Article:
Thursday, June 16, 2011

Hindsight Epiphanies

“Is there something you want to ask her?” the interpreter said to me. I paused for a moment and then shook my head. “No,” I said. “I don’t have anything to ask her.”

We were standing in the hot afternoon sun in Ensenada, Mexico, on the doorstep of a housing tract for migrant farm workers. The woman in question, probably around thirty years of age, was sweeping her front porch with a red broom. The floor was hard clay, but she swept it none the less. Her two boys, wearing t-shirts emblazoned with faded American slogans, circled around us. They looked to be elementary-age, but walked with the swagger and bravado of world-wise teens. The oldest one asked something in Spanish and our interpreter turned to the photographer next to me and said, “He wants to know if you would like to give him your sunglasses.” The young man next to me cocked his head and said, “I don’t think so” as we slowly began to turn away from the woman sweeping her porch.

The poverty was severe. Whole families were living in a single space not much bigger than my office cubicle back in the States. I stepped inside one of the corner units and saw that, unlike the room where the sweeping woman and her family lived, most were empty; the floor covered in empty beer bottles, old newspapers, candy and condom wrappers. Some had puddles of water in the center of the mud floor. There were flies. I could imagine the workers returning from the fields in a few hours, searching for an empty patch of ground to sit down or to rest their bones after a day’s work. I stepped back out of the cool darkness and into the warm sunlight to join my friends who were snapping pictures, murmuring quietly to one another in reverent tones.

Why was I here? It was a question whispered half to myself and half as a silent prayer.

I was here because my friend at the YWAM base here in Ensenada had asked me to come and speak to a group of students who were down to build houses for the poor in Mexico. I was here, in this migrant farmer housing area, because my friend had wanted to show me how people here lived. But, why was God putting me here? Why did He put me on this woman’s clay porch? Why did the interpreter ask me if I wanted to ask her any questions?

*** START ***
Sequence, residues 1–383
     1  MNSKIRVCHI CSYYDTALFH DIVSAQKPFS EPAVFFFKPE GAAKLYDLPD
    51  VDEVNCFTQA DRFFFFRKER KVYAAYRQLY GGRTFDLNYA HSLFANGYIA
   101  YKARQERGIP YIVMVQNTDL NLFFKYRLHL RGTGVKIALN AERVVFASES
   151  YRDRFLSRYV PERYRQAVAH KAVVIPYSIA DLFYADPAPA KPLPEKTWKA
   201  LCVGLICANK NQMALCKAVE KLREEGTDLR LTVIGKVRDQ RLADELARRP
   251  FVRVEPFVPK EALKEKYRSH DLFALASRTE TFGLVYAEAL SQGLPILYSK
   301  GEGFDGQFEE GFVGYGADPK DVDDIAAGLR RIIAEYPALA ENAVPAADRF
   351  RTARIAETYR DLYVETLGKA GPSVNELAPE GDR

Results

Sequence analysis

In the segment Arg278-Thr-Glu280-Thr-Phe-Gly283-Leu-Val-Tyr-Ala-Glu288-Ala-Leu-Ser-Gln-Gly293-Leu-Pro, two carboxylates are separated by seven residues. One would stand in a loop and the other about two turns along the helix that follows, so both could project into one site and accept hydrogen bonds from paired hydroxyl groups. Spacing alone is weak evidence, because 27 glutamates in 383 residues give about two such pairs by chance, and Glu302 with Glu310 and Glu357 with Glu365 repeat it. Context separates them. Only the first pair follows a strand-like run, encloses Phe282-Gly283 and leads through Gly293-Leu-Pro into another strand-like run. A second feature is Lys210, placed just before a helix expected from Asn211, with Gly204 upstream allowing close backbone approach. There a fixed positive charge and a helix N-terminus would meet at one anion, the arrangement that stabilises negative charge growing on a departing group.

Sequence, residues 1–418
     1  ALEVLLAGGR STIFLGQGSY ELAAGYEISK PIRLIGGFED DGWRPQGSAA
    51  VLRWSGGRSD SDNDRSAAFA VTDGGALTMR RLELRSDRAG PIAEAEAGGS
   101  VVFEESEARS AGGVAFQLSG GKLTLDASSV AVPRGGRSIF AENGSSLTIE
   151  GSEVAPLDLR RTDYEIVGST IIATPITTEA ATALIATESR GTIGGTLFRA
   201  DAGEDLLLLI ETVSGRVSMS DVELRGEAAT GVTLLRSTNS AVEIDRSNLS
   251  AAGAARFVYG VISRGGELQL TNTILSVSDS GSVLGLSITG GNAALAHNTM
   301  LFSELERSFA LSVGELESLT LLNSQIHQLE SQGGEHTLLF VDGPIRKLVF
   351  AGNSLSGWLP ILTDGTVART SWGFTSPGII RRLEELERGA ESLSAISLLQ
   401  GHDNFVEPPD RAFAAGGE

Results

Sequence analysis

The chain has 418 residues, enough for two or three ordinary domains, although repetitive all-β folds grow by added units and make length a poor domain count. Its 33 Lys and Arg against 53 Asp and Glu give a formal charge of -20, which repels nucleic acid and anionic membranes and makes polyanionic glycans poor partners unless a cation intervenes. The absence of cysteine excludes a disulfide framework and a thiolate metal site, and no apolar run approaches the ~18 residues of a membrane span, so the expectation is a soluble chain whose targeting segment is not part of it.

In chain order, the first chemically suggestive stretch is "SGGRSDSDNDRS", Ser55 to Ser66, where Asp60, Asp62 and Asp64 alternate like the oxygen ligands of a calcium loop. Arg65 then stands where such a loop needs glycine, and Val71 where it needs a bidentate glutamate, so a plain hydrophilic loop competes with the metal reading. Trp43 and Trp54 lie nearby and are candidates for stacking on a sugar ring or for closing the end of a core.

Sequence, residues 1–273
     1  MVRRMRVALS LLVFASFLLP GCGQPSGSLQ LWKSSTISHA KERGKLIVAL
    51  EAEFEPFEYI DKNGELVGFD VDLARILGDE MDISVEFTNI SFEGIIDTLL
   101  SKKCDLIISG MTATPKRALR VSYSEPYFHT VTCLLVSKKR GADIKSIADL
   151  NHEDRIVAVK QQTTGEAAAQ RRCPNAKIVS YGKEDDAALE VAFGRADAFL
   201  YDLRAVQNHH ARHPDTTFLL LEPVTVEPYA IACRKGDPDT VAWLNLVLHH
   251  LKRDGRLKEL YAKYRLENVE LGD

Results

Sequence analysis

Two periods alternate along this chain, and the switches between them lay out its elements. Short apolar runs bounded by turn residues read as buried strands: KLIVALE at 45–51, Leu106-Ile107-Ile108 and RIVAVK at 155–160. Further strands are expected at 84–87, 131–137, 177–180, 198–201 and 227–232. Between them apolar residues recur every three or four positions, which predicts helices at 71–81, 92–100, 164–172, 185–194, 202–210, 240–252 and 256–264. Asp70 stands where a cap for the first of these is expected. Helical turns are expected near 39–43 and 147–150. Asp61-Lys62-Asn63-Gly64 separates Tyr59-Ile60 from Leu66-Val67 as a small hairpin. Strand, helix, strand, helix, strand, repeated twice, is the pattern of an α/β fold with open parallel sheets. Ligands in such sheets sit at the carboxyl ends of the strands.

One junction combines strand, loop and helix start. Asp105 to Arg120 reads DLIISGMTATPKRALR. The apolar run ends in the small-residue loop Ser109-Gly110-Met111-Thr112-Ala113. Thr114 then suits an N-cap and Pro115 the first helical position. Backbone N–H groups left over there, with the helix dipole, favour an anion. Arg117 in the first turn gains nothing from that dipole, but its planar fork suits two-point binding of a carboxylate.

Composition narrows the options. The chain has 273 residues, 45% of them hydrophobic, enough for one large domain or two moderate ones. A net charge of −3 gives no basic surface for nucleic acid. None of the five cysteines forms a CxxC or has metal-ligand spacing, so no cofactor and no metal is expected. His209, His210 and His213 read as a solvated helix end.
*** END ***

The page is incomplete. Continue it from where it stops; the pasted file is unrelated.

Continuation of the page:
Eventually our little group mounted back into our air-conditioned SUV and rolled back out on to the dirt road to get something to eat. I watched the dogs chase us briefly in the rearview mirror until they became swallowed up in the silver gray dust of our tires.

Later that night, lying on my bed at the YWAM base, I replayed that scene over in my mind. “Do you want to ask her anything?” What would I ask her? What could I possibly need to know from her? It came to me quietly between slow breaths. “You could’ve asked her how you could pray for her.”

In my mind I saw us forming a circle around this woman, joining hands, praying through the interpreter for this woman’s family, for her sons, for her husband, for their daily bread, for God’s favor on their lives. Yes, I thought, the image in my mind of the prayer we did not offer fading softly. That’s what I could’ve asked her.

Lately I’ve grown weary of such hindsight epiphanies. This being only one of several I’ve had in the last few weeks. Why is it I do not think of these things at the moment, when they would actually do some good? Why is it I only think of what I should’ve said, or what I should’ve done, hours or days later? The dishes I should’ve washed without being asked. The floor I should’ve cleaned as an act of loving service for my friend. The prayer of blessing I should’ve offered the woman in Mexico. Why didn’t I consider these actions in the moment?

This answer came to me as I was on my knees in prayer recently. The reason I did not think of these things at the moment was because in that moment I was more concerned with my own agenda. I was in a hurry to go somewhere else. I was on my way to do something that I wanted to do. My agenda wasn’t submitted to Christ. This is why I couldn’t hear that still small voice; because my voice was too loud in my own ears.